My thoughts on this is I want the law behind me every step of the way if I am forced to protect myself. Stand your ground and the term Self-Defense is stictly a legal term. You are admitting to crime, but this was the reason for it so I’m OK!

  5. R.D. Walker says:

    The law, just like my game matrices, will never be able to accommodate all scenarios.

  6. W. C. Taqiyya says:

    Castle laws aside, except to say I agree that a person’s home is his castle, or should be. More food for thought. Forget the games and scenarios. The bottom line is that all the micromanagement laws in the world can’t protect shit or make anyone safer. In fact, they make the world more dangerous because they encourage people NOT to think for themselves. If you can’t figure out that attacking an unknown person on a darkened street is problematic, you SHOULD be dead because your brain already is. And screw Treyvon Martin, he killed himself.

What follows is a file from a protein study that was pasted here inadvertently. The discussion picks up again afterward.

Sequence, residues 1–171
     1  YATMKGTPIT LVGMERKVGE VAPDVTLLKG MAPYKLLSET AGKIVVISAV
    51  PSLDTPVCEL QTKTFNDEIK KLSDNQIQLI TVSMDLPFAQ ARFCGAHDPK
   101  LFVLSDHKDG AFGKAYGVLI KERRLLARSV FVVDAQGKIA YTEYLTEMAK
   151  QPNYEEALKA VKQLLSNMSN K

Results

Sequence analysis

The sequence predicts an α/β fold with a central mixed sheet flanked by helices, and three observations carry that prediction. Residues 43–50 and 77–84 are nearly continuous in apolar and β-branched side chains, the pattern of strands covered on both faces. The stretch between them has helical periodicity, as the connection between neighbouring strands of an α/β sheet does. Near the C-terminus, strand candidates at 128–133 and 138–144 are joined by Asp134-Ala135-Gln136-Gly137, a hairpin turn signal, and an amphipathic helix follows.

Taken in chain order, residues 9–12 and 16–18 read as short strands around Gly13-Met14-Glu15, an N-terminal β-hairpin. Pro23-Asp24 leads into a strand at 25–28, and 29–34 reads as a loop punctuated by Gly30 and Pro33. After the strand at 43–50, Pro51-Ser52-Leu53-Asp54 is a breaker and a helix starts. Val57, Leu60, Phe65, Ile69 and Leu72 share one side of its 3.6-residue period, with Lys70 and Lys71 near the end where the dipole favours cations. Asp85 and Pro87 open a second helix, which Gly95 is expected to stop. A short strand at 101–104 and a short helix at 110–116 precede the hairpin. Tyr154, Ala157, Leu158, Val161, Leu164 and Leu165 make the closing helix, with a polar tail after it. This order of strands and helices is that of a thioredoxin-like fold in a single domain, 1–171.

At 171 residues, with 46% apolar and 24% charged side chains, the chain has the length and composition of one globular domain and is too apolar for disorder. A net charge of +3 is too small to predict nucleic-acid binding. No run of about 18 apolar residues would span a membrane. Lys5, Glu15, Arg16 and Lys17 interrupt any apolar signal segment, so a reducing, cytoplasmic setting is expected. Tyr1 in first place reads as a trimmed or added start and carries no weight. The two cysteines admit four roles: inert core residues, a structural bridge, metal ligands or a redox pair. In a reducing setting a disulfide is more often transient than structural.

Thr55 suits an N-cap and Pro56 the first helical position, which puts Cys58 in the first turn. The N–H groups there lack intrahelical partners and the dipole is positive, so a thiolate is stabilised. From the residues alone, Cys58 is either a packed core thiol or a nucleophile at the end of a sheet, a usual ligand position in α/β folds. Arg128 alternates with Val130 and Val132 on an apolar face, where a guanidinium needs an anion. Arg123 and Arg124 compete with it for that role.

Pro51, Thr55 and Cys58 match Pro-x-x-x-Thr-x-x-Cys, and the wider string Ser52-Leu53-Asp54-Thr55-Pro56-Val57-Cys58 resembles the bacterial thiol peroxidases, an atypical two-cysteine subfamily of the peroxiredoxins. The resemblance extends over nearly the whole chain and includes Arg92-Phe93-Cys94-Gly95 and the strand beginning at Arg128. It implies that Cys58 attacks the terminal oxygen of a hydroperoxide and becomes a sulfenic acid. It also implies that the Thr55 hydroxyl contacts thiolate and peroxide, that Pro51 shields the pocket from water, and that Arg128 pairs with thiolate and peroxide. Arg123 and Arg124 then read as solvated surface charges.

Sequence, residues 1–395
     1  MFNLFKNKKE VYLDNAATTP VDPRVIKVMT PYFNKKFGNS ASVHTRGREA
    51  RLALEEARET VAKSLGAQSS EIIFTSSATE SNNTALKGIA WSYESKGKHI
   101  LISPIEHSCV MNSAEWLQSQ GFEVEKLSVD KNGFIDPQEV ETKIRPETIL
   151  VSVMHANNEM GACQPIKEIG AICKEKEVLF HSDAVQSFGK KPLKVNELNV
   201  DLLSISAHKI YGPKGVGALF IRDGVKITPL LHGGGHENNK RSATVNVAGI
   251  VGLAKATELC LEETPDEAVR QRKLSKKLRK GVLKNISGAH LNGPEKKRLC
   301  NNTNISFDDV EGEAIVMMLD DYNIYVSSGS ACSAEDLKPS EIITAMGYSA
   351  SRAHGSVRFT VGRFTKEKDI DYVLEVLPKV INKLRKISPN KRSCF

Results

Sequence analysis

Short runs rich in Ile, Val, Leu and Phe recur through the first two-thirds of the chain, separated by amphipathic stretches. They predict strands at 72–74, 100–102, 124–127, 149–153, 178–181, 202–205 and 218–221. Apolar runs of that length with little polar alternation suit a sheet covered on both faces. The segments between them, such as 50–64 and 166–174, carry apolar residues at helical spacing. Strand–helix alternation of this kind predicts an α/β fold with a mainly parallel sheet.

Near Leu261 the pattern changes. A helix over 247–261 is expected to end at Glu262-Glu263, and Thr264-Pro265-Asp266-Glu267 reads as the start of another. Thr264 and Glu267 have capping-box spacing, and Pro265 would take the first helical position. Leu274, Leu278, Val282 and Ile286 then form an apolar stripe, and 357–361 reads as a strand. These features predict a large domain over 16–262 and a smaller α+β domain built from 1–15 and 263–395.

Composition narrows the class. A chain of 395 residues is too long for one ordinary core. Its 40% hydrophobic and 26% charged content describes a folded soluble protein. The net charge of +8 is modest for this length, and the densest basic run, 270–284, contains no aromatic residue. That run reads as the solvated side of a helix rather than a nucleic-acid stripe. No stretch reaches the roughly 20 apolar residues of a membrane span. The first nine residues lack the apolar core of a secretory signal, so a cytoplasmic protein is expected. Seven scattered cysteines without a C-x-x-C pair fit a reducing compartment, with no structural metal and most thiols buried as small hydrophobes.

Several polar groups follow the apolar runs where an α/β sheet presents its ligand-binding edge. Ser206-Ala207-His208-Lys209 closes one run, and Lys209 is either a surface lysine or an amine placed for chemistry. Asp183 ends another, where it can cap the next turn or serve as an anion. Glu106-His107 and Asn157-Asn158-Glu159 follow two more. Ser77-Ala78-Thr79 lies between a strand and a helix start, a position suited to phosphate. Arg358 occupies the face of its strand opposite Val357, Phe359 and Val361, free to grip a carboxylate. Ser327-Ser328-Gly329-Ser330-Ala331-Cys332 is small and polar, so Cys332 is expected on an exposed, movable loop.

7. W. C. Taqiyya says:

    My post above. I think my time for editing expired and that undefined thing showed up. Without my edited comment. Fracking technology.

  8. R.D. Walker says:

    By the way, if Zimmerman was flat on his back with Martin on his chest dribbling his melon on the pavement like a basketball, stand-your-ground doesn’t really enter into the case, does it?

  9. rj says:

    Good write up and comments, yes RD if his head was getting thunked on hard dirt or concrete it is not stand your ground it is self defense which I believe is what he is claiming.

    In TX all else aside, if he tried to end a conflict by leaving or clearly indicating his intent to end the conflict and he is kept in the conflict by the more powerful one he can still claim self defense even if he started it.

    so if a bad guy approaches me to rob me with a knife or fist and I pull mu gun and he runs self defense goes out the window and I cant shoot him in his running back.

    If however I pick a bar fight and the big guy kicks my butt to the point I am trying to leave or on the ground covered up and shouting I quit and he keeps kicking me in the head I then have the right of self defense even though I provoked the fight.